MORE THAN WORDS….
February 23–May 12, 2018
Private view: February 22, 6–8pm
27 Albemarle Street
London W1S 4HZ
Vincenzo Agnetti, John Baldessari, Mel Bochner, Alighiero Boetti, Dadamaino, Tracey Emin, Lucio Fontana, Emilio Isgrò, Joseph Kosuth, Jannis Kounellis, Piero Manzoni, Rebecca Moccia, Gastone Novelli, David Reimondo, Mimmo Rotella, Salvo, Cy Twombly
Curated by Daniela Ferrari
Mazzoleni presents MORE THAN WORDS…, a group show opening to the public on February 23, 2018. Curated by Daniela Ferrari, art historian and curator, the exhibition will explore the use of text and the written word in the practice of major post-war Italian and international artists. Focusing on creative output from 1958 onwards, the show will feature over 30 works in various media including painting, photography, collage and neon.
The word represents an essential expressive vehicle: words or letters are an integral part of the apparatus of contemporary art, although the practice has its origins in antiquity and took on particular importance in the historic twentieth century avant-garde movements. The artists included in the exhibition are brought together by certain key concerns—concept, light, dictionary, pop, time, philosophy—which allow us to identify affinities that unites them. Drawing on life and the kaleidoscope of verbal, literary, philosophical and poetic communication, each artist has succeeded in conferring upon the word a power that goes beyond mere meaning: more than words!
“I believe that the foundation of my practice is the creation of meaning,” says Kosuth. It is the very value of the concept, of the meaning expressed in the work that this exhibition intends to highlight: the word as question and statement, as revealed by the verification of thought. Kosuth’s neon work #II49. (On Color/Multi #9)’ II49. The coloured intermediary between two colours. Wittgenstien Series (On Color), 1991 will be included to exemplify his critical position in the canon of conceptual art. Bochner, a similarly key figure, has devoted himself to investigating various expressive forms, including text phrases in diverse languages or vernaculars, amplifying thereby the confines of language to include expressions that have entered the spoken language and which belong to the so-called sphere of the meaningless. His work The Joys of Yiddish, a screenprint on felt from 2014 will demonstrate this enduring practice.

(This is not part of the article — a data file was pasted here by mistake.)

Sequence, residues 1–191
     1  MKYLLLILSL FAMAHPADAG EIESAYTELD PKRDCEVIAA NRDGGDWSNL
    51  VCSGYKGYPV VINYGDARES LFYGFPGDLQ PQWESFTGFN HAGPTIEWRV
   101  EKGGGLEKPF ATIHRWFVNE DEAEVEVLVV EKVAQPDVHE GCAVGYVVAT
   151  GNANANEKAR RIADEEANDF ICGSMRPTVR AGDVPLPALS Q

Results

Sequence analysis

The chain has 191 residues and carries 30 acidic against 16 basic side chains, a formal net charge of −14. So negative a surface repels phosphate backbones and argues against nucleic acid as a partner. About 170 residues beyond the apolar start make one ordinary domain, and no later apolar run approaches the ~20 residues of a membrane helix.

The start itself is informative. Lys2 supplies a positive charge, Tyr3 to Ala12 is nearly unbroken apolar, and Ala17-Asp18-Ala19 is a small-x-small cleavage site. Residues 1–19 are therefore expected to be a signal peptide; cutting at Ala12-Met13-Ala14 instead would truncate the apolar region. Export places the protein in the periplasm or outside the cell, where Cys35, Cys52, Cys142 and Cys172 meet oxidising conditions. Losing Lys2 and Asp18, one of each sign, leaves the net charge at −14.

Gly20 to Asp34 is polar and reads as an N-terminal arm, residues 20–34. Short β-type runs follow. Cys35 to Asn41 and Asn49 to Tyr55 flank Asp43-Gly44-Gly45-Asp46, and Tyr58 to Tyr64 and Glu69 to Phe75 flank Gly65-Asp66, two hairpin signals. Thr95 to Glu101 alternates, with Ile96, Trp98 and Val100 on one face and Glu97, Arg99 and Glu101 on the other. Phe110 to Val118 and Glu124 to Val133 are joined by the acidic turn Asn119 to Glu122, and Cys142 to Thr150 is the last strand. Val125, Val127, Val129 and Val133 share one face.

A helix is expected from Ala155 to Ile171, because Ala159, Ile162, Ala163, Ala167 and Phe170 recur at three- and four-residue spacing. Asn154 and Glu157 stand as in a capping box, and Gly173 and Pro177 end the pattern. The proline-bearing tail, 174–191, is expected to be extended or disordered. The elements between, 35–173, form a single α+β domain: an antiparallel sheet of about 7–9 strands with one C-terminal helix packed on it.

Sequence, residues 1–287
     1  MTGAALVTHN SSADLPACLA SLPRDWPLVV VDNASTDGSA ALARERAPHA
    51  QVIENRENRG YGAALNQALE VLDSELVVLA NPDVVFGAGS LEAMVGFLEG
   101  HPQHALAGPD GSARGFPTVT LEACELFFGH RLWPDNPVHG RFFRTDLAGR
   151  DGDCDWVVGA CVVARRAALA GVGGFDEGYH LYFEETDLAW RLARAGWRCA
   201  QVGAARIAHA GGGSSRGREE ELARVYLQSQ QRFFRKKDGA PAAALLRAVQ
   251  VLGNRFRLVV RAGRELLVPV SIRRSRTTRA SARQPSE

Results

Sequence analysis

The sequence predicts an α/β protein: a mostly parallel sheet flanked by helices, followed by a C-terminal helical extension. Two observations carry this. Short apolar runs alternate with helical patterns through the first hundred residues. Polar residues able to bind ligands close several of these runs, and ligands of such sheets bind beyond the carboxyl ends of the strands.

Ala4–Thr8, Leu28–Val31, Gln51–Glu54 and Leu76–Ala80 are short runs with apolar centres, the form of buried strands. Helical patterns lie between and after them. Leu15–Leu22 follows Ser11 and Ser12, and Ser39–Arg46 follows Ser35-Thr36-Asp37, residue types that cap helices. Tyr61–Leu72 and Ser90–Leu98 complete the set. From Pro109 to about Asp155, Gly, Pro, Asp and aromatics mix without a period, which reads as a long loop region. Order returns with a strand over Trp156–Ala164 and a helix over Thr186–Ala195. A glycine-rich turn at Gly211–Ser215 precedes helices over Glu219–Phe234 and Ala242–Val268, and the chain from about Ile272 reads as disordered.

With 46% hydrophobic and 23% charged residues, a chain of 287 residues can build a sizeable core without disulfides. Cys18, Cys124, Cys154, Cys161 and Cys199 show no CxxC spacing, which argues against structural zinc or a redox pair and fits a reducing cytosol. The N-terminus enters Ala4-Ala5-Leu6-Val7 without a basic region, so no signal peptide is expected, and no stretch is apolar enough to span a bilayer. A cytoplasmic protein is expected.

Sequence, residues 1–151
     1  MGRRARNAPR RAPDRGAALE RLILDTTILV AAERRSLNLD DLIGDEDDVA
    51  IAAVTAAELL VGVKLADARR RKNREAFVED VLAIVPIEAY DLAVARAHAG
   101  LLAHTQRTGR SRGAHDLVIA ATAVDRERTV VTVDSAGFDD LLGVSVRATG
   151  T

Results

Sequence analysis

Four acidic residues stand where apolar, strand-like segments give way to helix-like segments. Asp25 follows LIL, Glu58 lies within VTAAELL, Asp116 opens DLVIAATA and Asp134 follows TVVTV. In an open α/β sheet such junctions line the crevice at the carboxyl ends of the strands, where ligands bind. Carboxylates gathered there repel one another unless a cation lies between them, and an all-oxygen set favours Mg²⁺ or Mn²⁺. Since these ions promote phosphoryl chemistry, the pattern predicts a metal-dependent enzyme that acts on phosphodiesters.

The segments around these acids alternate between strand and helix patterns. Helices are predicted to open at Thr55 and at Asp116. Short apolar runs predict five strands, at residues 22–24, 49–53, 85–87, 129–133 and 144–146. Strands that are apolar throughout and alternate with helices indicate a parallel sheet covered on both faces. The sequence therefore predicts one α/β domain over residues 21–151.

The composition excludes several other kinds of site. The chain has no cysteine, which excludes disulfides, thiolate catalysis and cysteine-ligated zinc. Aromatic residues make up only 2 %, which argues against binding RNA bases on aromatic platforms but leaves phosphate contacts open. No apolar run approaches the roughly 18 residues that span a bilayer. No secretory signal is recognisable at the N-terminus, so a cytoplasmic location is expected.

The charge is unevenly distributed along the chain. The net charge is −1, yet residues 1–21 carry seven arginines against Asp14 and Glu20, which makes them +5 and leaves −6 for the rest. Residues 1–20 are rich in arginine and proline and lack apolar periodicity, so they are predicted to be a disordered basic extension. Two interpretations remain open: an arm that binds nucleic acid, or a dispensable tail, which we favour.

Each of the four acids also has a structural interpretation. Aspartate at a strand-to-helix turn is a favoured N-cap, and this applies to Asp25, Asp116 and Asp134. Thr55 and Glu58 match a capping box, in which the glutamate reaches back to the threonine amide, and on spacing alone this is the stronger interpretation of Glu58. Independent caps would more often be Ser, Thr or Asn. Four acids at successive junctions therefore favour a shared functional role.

The series of “arazzi” or embroidered grids of coloured letters conveying puzzles of short phrases, inverted sayings or wordplays, conceived by Boetti in the 1970s (exemplified here by a work from 1989), were realised by artisans in Afganistan and Pakistan, often over many months. The time of making and reading also regulate the asemantic writings of Dadamaino: her Alfabeti della mente transformed into I fatti della vita exhibited at the 39th Venice Biennale. She will be represented by a triptych from the Alfabeti cycle, from 1979. Manzoni had also focused part of his research on the sequence of the letters of the alphabet. The “alphabet of prime images” to which he aspired finds a possible conjugation in the work Alfabeto, composed of the letters ABCD in three columns painted with ink and kaolin on canvas, while the painting-writing experience of Novelli, is related to the Informal trend developed both in Europe and America, taking up the legacy of Surrealist “automatic writing,” that is also represented in the exhibition by Twombly.
Words come into play that have been chosen for their philosophical weight (Agnetti), for the meaningfulness or the irony of the message transmitted (Salvo), for the expressiveness of the content communicated or for its absence (Isgrò): words deleted become all the more powerful. The world of the Pop image is in turn represented by Schifano and Rotella, both aware of the power of advertising, of poster messages of contemporary culture that are combined with cult images from the history of art.
Two younger artists David Reimondo (b.1973) and Rebecca Moccia (b.1992), catapult the word into the most contemporary artistic cycle, pulling together the threads of historical research through to the present day. The exhibition, though by no means exhaustive, thus presents a rich and broad survey of the strategies employed by artists in utilising text and the written word in modern and contemporary art practice since the 1960s.
The exhibition is accompanied by a fully illustrated catalogue with an essay by Daniela Ferrari.